American Craft Beer Festival in Boston

On June 18, Mike and I ventured down to the Seaport World Trade Center in Boston for the American Craft Beer Festival. Sponsored by BeerAdvocate, this festival featured 86 brewers and over 400 beers, drawing about 5,000 people at each of the three sessions.

The World Trade Center was a great venue for such an event; the large, open space accommodated breweries on the periphery of the arena as well as in the center. There were bathrooms located throughout the arena (this is key) and a separate area for food.

As we entered the festival, we were immediately surprised by the long line at the Pretty Things booth. It seemed that their line was the longest of any brewery for the duration of the festival. Hailing from Cambridge, MA, Pretty Things is one of our new favorite craft breweries. The line didn’t stop us from patiently waiting to sample some of their beers and to get a chance to speak to Dan, the head brewer, and his wife. Saint Botolph’s Town is a lovely rustic brown ale, which can be found in many Boston beer bars. One of my favorites is Fluffy White Rabbits, a hoppy (get it?!) Tripel. Fluffy White Rabbits has slightly floral and citrusy undertones while maintaining a bright and effervescent mouth feel. If Pretty Things is distributed in your area, I would suggest picking up a bomber of any of their brews. You are in for a treat!

Continuing our travels around the festival, I must admit that I got a little star struck about halfway through the evening when we noticed the Moonshot booth. It only took us a few seconds to put it together that this was the “light beer with caffeine” from the documentary Beer Wars. Sure enough, behind the booth was Rhonda, one of the co-founders of Samuel Adams, who left to start on her own project. We spoke with her for a few minutes about her experience in the industry and the struggles she has endured to create a product she believes in. Towards the end of our conversation, she asked us where we were from. When we replied that we lived in Brighton, she handed us a Moonshot pamphlet and asked us to go to Blanchard’s (a local store that has an extensive inventory of craft beer) and push them to stock her product. Just as is portrayed in the film, Rhonda does most of her own publicizing by visiting beer stores and bars throughout the country. Although Moonshot was subpar, bland and slightly oxidized, I applaud her efforts and appreciate her passion for her product. It may not be the Boston Beer Company but she seems proud of her work and driven for success.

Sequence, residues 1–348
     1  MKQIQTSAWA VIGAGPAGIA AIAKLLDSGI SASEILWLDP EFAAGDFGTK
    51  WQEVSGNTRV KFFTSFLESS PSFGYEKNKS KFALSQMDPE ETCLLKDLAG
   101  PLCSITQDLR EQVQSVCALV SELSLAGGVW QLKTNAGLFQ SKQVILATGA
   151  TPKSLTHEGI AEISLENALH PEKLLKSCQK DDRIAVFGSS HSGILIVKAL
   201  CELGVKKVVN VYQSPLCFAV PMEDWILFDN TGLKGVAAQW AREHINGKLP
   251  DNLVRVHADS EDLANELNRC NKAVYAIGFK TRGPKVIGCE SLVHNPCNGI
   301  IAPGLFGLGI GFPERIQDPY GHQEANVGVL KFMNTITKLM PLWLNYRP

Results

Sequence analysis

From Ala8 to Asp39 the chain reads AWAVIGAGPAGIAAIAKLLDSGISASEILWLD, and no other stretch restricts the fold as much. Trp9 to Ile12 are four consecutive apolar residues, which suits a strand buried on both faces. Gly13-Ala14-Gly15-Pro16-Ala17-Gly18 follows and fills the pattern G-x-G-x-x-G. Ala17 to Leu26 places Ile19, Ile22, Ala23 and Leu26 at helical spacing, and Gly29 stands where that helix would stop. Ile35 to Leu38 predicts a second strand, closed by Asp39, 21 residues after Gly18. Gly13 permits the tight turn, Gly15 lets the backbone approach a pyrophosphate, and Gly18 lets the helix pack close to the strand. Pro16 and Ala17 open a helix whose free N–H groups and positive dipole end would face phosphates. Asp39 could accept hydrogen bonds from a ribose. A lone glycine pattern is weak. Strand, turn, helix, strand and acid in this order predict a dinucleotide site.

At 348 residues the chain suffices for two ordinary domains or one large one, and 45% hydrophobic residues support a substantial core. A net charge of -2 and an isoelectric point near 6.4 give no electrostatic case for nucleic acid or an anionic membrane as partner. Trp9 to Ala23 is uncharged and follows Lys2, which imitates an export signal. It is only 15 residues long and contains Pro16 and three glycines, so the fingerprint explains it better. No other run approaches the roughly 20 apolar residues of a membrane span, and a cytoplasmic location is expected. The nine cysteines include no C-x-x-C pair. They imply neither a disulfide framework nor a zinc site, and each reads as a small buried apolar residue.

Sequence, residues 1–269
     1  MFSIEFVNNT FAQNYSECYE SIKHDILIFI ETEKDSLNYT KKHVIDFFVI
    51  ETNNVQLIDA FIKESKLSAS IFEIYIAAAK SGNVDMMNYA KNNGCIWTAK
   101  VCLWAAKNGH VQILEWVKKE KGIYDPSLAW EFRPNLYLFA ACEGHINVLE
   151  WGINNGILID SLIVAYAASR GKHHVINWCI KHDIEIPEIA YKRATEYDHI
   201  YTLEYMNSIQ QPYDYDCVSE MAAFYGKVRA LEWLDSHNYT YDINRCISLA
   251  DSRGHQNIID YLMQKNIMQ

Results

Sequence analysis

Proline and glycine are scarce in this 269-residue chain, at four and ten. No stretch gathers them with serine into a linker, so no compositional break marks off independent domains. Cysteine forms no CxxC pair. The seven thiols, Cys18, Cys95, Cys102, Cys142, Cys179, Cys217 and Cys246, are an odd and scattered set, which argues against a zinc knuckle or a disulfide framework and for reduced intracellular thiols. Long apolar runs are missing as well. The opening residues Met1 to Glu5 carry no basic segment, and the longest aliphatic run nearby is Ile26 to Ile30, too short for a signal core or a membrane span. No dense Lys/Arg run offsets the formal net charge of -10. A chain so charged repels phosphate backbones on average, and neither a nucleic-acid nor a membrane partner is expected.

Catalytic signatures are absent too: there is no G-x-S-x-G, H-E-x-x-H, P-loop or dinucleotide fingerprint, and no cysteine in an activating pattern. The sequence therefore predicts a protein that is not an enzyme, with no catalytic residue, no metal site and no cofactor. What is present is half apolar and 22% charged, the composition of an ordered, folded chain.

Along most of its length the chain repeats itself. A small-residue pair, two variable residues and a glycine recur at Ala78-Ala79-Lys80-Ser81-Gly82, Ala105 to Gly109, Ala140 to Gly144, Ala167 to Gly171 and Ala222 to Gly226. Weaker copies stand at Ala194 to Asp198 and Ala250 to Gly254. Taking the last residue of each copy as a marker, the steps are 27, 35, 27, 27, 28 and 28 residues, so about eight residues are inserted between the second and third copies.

Over the course of the evening, we sampled many great beers but some stood out as being exceptional. One of these was the Cisco Dark Woods Ale from Nantucket. This beer was a blend of many barrel-aged beers, including stouts and porters. It had a rich, full flavor and was more complex than their flagship Whale’s Tale Pale Ale. Another memorable beer was Haverhill’s Berliner Weiße with woodruff. I had never had this style beer before, never mind had a beer where it was customary to put green syrup in it. Much to my surprise, this beer was absolutely delicious. It was crisp, refreshing and slightly sweet. Haverhill Brewery also makes a stout that we loved at the Return of the Extreme Beer Fest last year.

Overall, the American Craft Beer Festival was an excellent experience and provided us with the opportunity to sample many new and exciting beers. We look forward to attending this beer festival next year!


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